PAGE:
Osteoarthritis

This tool provides information to facilitate the management of osteoarthritis (general) in adults.

Focused examination

1. Patient History 

  • Assess level of concern for major structural or other pathologies. If required, refer to an appropriate healthcare provider.

  • Identify and assess other conditions and co-morbidities. Manage using appropriate care pathways.

  • Address prognostic factors that may delay recovery.

Major structural or other pathologies may be suspected with certain signs and symptoms (red flags):

  • History of trauma, prolonged morning joint-related stiffness, rapid worsening of symptoms or the presence of a hot, swollen joint, history of malignancy, vertebral infection, osteoporotic fractures, traumatic fracture, myelopathy, brain haemmorrhage/mass lesion, inflammatory arthritis

Examples of other conditions/co-morbidities:

  • Physical conditions: back pain, headache

  • Psychological symptoms: depression, anxiety

  • Co-morbidities: diabetes, heart disease

Examples of prognostic factors that may delay recovery:

  • Symptoms of depression or anxiety, passive coping strategies, job dissatisfaction, high self-reported disability levels, disputed compensation claims, somatization

2. Physical Examination

  • Assess levels of concern regarding major structural or other pathologies.​

  • Diagnose osteoarthritis clinically without investigations if a person is over 45 years of age AND has activity-related joint pain AND has either no morning joint-related stiffness or morning stiffness that lasts no longer than 30 minutes.

3. Management 

  • Offer information on nature, management, and the course of osteoarthritis.

  • Discuss the range of effective interventions with the patient and, together, select a therapeutic intervention.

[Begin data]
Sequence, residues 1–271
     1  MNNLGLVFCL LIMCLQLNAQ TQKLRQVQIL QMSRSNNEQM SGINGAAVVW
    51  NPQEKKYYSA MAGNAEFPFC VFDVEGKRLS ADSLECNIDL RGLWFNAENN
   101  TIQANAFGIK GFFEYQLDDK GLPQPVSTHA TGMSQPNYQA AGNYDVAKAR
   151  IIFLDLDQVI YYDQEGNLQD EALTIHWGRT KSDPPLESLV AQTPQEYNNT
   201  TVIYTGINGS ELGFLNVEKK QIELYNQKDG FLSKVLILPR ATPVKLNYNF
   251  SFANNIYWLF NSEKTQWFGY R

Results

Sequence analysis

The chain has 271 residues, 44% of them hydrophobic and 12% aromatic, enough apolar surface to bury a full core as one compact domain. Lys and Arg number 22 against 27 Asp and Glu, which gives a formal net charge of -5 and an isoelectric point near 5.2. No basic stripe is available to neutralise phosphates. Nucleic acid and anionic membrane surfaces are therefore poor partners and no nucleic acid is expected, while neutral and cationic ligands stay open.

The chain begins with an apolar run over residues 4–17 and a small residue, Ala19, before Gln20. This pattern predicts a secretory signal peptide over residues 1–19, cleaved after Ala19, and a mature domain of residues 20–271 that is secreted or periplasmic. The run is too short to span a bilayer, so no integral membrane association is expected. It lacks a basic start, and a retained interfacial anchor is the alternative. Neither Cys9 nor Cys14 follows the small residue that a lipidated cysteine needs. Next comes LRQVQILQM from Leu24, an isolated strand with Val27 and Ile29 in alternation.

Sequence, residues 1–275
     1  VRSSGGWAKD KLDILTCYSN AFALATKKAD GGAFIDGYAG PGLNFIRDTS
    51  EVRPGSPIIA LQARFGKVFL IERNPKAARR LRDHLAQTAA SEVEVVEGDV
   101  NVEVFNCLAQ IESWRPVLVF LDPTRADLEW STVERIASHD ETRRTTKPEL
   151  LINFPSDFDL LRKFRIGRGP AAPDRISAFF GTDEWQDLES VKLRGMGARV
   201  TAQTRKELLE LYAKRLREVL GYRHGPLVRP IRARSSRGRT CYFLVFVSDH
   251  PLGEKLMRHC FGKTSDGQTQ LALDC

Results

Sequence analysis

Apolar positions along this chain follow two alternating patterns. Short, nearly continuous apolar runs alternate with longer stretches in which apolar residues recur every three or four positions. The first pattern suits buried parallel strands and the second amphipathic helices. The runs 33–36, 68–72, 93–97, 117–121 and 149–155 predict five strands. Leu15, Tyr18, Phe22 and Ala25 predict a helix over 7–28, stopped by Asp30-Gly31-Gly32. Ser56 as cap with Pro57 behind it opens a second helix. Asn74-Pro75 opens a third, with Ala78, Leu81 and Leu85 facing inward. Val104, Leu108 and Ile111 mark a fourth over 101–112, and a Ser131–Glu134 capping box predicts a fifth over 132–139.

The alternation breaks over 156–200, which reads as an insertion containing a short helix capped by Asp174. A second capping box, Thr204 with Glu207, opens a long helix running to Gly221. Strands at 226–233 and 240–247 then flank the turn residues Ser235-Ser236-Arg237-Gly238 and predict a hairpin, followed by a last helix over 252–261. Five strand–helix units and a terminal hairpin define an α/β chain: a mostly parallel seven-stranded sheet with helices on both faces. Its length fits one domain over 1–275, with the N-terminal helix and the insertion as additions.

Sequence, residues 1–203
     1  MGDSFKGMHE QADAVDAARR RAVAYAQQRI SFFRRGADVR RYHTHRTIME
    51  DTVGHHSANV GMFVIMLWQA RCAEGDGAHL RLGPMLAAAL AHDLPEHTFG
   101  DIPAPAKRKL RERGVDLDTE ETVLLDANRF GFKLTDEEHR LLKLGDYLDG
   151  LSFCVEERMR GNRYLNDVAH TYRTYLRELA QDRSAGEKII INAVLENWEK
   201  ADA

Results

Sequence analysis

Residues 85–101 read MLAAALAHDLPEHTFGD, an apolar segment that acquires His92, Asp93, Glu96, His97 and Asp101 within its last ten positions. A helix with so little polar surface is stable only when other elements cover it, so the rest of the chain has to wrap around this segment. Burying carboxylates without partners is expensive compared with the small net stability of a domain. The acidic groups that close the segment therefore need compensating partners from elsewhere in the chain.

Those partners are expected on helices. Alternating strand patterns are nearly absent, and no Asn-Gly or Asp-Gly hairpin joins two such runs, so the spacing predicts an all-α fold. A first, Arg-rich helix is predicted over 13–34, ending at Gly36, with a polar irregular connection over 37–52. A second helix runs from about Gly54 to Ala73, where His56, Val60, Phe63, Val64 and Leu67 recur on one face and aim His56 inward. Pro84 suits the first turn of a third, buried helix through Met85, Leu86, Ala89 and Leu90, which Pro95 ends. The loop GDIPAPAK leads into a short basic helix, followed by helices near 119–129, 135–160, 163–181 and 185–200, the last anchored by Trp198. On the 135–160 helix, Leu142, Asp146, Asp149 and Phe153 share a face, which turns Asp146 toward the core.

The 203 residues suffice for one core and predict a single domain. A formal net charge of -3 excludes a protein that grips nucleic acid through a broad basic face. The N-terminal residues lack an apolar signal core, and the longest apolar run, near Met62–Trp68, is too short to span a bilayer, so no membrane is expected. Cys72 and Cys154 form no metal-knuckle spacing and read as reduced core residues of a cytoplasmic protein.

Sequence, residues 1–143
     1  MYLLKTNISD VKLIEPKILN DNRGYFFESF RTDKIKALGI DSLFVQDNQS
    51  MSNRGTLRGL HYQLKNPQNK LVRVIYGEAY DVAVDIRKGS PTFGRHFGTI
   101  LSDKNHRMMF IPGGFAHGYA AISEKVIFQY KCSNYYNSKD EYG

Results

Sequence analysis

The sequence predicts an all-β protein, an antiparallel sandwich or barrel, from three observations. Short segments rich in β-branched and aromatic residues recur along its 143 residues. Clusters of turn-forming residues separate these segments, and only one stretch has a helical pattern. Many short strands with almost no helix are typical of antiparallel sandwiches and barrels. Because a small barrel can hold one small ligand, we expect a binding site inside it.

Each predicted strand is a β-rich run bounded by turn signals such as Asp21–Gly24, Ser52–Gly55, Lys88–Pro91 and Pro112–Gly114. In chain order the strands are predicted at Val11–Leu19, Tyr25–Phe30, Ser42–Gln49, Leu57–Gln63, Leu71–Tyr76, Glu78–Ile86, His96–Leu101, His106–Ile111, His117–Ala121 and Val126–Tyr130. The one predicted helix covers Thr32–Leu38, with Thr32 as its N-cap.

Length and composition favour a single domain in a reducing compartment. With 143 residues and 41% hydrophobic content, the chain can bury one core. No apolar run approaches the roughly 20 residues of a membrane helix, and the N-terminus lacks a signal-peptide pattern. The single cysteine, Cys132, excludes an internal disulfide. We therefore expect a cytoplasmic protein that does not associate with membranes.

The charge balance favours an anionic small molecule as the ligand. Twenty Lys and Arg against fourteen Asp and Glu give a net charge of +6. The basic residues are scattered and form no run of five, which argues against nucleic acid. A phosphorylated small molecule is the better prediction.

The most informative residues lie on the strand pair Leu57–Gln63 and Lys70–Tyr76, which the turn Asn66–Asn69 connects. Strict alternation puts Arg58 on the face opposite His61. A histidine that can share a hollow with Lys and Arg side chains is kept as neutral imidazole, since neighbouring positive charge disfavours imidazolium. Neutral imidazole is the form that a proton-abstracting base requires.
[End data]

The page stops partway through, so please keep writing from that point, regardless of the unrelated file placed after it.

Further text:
Patient Handouts

CCGI_Osteoarthritis_patient handout_ENG.jpg
CCGI_Osteoarthritis_patient handout_FR.jpg

Non-pharmacological management of osteoarthritis 

Provide structured patient education (advice to stay active, reassurance, promote and facilitate return to work and normal activities, self-care advice) and any one of the following therapeutic interventions*:

  • Consider local muscle strengthening and general aerobic exercise

  • Consider heat/cold 

  • Consider manipulation and stretching (particularly for osteoarthritis of the hip)

  • Consider interventions to achieve weight loss for those who are overweight or obese

  • Consider transcutaneous electrical nerve stimulation (TENS) for pain relief 

  • Consider appropriate footwear with shock-absorbing properties

  • Consider assessment for bracing/joint supports/insoles

  • Consider assistive devices (e.g., walking sticks and tap turners)

  • Do not offer acupuncture 

  • Do not offer glucosamine or chondrotin products

Pharmacological management of osteoarthritis

Provide structured patient education (advice to stay active, reassurance, promote and facilitate return to work and normal activities, self-care advice) and any one of the following therapeutic interventions*:

  • Consider oral analgesics 

  • Consider topical treatments 

  • Consider non-steroidal anti-inflammatory drugs and highly selective COX-2 inhibitors

  • Consider intra-articular injections

  • Do not offer intra-articular hyaluronan injections

Invasive management of osteoarthritis 

Provide structured patient education (advice to stay active, reassurance, promote and facilitate return to work and normal activities, self-care advice):

  • Do not refer for arthroscopic lavage and debridement unless the person has knee osteoarthritis with a clear history of mechanical locking (as opposed to morning joint stiffness, 'giving way' or X-ray evidence of loose bodies)

*Interventions are recommended if guidelines used terms such as ‘recommended for consideration’ (e.g., ‘offer’, ‘consider’), ‘strongly recommended’, ‘recommended without any conditions required’, or ‘should be used’. Recommendations from low-quality evidence are not listed.

Care Pathway for the management of osteoarthritis

(click here for French version)

4. Reevaluation and Discharge

  • Reassess the patient at every visit to determine if: (1) additional care is necessary; (2) the condition is worsening; or (3) the patient has recovered.

  • Monitor for any emerging factors that may delay recovery.

5. Referrals and Collaboration

  • Refer the patient to an appropriate healthcare provider for further evaluation at any time during their care if they develop worsening symptoms or new physical or psychological symptoms.

Additional Resources